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Improving Well-Being in Bhutan: A Pursuit of Happiness or Poverty Reduction?

  • Jigme Nidup
  • Simon Feeny
  • Ashton de Silva
Article

Abstract

Increasing happiness is a key priority for the Bhutanese government. This priority displaces more traditional (economic) objectives such as the pursuit of income growth and the reduction of income poverty. This paper examines the implications of this approach by examining whether there are common correlates of the four following measures of human well-being in Bhutan: income poverty; multidimensional poverty; perceived poverty; and happiness. Our findings suggest that whilst there is a degree of commonality, determinants of the different measures of well-being are distinct. Common factors include having a savings account, levels of literacy and household size. Further we show that higher levels of income poverty, multidimensional poverty and perceived poverty are found to be negatively associated with happiness. Importantly, our findings suggest that a focus on increasing happiness might come at the expense of improving other measures of wellbeing.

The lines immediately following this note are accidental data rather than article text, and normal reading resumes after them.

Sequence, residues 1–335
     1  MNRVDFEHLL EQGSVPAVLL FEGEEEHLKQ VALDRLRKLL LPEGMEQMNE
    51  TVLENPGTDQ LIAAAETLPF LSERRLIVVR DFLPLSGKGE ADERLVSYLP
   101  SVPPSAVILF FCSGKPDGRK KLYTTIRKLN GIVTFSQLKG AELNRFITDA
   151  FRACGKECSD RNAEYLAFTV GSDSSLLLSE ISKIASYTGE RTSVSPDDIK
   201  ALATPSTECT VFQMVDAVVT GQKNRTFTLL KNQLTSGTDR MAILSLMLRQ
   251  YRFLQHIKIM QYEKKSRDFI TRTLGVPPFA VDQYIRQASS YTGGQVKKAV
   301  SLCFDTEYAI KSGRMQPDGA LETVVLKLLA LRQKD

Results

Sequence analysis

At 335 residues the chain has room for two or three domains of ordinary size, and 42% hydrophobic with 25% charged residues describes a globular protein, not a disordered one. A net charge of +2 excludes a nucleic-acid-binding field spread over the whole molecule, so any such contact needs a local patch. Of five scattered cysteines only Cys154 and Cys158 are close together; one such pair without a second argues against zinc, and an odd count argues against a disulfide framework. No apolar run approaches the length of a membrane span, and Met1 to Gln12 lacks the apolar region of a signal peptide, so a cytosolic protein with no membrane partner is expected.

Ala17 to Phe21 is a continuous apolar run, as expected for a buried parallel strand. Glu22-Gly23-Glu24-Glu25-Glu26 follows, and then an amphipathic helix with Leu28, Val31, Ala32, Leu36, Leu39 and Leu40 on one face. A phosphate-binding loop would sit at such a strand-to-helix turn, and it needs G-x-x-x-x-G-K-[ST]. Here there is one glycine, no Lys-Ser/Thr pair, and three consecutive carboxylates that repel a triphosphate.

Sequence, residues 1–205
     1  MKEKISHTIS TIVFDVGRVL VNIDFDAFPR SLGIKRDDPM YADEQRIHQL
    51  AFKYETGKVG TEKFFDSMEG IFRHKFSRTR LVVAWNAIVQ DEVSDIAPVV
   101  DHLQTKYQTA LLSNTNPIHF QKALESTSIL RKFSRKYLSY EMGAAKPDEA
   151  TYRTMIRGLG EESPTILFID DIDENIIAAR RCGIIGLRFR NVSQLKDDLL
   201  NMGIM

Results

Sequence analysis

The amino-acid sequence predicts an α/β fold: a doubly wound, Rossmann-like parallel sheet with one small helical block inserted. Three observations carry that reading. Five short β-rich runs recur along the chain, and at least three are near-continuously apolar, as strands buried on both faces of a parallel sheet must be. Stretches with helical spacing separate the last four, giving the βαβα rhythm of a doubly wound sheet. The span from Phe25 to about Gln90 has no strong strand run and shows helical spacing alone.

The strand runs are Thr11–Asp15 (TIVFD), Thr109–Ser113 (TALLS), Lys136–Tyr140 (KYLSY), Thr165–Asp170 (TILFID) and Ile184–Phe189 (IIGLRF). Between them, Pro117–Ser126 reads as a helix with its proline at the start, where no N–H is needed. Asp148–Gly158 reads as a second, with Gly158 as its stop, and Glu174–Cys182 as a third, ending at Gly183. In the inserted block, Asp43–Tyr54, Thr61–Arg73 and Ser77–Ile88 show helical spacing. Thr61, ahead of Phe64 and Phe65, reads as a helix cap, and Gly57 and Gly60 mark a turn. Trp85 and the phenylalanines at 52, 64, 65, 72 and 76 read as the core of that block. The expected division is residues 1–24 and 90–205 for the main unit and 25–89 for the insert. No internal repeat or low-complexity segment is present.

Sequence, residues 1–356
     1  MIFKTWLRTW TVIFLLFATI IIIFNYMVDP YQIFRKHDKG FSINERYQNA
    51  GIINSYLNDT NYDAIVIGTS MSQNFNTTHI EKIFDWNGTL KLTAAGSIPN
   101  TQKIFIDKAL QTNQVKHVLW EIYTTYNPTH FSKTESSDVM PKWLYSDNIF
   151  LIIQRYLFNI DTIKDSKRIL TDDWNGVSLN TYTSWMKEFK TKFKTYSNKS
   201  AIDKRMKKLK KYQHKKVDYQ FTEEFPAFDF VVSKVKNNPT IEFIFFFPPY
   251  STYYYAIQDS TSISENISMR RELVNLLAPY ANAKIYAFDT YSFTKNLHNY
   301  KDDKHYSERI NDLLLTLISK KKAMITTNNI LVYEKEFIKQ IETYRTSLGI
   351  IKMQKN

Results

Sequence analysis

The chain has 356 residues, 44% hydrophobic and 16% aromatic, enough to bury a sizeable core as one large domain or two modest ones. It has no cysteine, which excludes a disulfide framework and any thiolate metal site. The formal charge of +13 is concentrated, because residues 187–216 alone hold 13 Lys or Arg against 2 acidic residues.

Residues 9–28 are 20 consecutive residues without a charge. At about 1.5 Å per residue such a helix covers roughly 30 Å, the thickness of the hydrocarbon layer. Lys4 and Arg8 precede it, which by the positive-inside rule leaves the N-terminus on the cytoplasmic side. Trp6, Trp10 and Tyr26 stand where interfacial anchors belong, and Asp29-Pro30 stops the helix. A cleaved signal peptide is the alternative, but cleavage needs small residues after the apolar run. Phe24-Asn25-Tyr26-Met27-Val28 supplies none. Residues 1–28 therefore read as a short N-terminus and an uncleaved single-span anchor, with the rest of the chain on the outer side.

Keywords

Bhutan Happiness Income poverty Multidimensional poverty Perceived poverty Well-being 

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Copyright information

© Springer Science+Business Media B.V. 2017

Authors and Affiliations

  1. 1.Central Australian CollegeFootscray WestAustralia
  2. 2.School of Economics, Finance and MarketingRMIT UniversityMelbourneAustralia

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